by Sandra Parshall
I knew Amazon had its fingers in a lot of different pies, but I didn’t realize how long its reach is until I read the interview with Jeff Bezos in the December issue of Wired magazine. Amazon is not only the biggest bookseller in the U.S. and a media powerhouse; it is also the power behind a huge chunk of the internet. Even if you’ve never held an e-reader in your hands or ordered a print book from Amazon, the company has probably affected your life in some way.
What writers and publishers obsess about, of course, is Amazon’s hold on bookselling. Even with publishers resisting its steep discounts, the company has surged ahead of brick-and-mortar stores to become the number one source of books for American consumers. With a little piece of hardware called the Kindle, coupled with its offering of digital content, Amazon quickly accomplished what Sony and other companies had failed to do: it made e-books wildly popular. Now, through its Kindle Direct Publishing program, it’s making self-publishing respectable, as everyone from unknowns to bestselling authors rushes to make previously unpublished and out-of-print work available in digital format.
Some people cling to the memory of what the book world was like before November 2007, when the Kindle first appeared, but those days are beginning to feel like ancient history.
Now Amazon is a publisher, and fully intends to shake up publishing the same way it has shaken up bookselling. Bezos believes $9.99 is “really the highest price that’s reasonable for customers to pay” for a book. He also believes writers should get a bigger chunk of the income from their work. He cautions the publishing industry that others – such as Amazon – will eagerly move into the vacuum if traditionalists continue “leaning backward” instead of adapting to the changing market.
Amazon is getting into the movie business too, working in partnership with Warner Bros. Pictures. Bezos describes this project as, what else, a “completely new” way of making movies. We’ll no doubt be hearing more about Amazon films before long.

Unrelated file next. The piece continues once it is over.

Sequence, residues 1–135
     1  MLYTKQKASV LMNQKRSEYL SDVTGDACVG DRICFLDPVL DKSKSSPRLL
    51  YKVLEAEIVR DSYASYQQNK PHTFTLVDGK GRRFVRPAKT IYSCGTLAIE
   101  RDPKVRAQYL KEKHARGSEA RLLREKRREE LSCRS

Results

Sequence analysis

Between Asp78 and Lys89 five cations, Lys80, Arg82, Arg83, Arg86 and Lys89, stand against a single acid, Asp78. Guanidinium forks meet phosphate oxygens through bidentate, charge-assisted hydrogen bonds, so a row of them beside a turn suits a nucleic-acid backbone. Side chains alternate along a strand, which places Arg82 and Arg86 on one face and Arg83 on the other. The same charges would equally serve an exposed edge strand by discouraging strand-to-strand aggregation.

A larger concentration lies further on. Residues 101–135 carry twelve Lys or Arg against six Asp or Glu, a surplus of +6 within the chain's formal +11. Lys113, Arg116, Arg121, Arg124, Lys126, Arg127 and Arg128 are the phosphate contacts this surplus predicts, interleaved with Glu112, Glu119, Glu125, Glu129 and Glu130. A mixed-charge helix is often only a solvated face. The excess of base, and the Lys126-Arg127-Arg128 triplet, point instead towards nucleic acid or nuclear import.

These are the visible ventures, the Amazon activities everybody knows about. Behind the scenes, the company provides an internet base for a broad array of businesses and institutions, attracted by Amazon’s low fees and obsession with giving flawless service.
Here are some of Amazon’s web services customers, as listed in Wired: Foursquare (10 million users worldwide, three million check-ins a day); Harvard Medical School’s vast database for developing genome-analysis models; NASA’s processing of hi-res satellite images to guide its robots; Netflix, a video-streaming service that accounts for 25% of U.S. internet traffic; Newsweek/The Daily Beast (one million page views every hour of every day); PBS (more than one petabyte of streaming video per month); SmugMug’s storage for 70 million photos; the USDA’s geographic information system for food stamp recipients; Virgin Atlantic’s crowd-sourced travel review service; Yelp’s storage for 22 million-plus reviews.
Most of us know Amazon as a store that will sell us anything, including a lot of stuff we can’t find elsewhere. I’ve even used Amazon to locate a particular flavor of feline hairball remedy that nobody seemed to be selling anymore. If it exists, Amazon can find it for you. But beyond the mundane merchandising transactions, Amazon connects us to the rest of the world in many ways every day.
Oh, and did I mention that Bezos owns a company called Blue Origin? It’s a space exploration program. Bezos thinks access to space costs too much, and he’s going to use Blue Origin to bring down the price.
As I said: Wow.